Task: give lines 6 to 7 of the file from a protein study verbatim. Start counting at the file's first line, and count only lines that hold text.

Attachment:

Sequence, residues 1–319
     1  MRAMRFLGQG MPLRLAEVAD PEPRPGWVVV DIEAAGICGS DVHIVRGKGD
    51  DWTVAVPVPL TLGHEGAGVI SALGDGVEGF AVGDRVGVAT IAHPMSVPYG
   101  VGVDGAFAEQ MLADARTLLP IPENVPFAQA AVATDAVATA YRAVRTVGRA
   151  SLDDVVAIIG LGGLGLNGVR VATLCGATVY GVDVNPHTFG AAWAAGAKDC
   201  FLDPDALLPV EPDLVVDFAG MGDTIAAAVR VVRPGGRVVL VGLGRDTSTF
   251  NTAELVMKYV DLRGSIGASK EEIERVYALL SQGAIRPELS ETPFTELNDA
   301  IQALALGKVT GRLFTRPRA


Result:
   201  FLDPDALLPV EPDLVVDFAG MGDTIAAAVR VVRPGGRVVL VGLGRDTSTF
   251  NTAELVMKYV DLRGSIGASK EEIERVYALL SQGAIRPELS ETPFTELNDA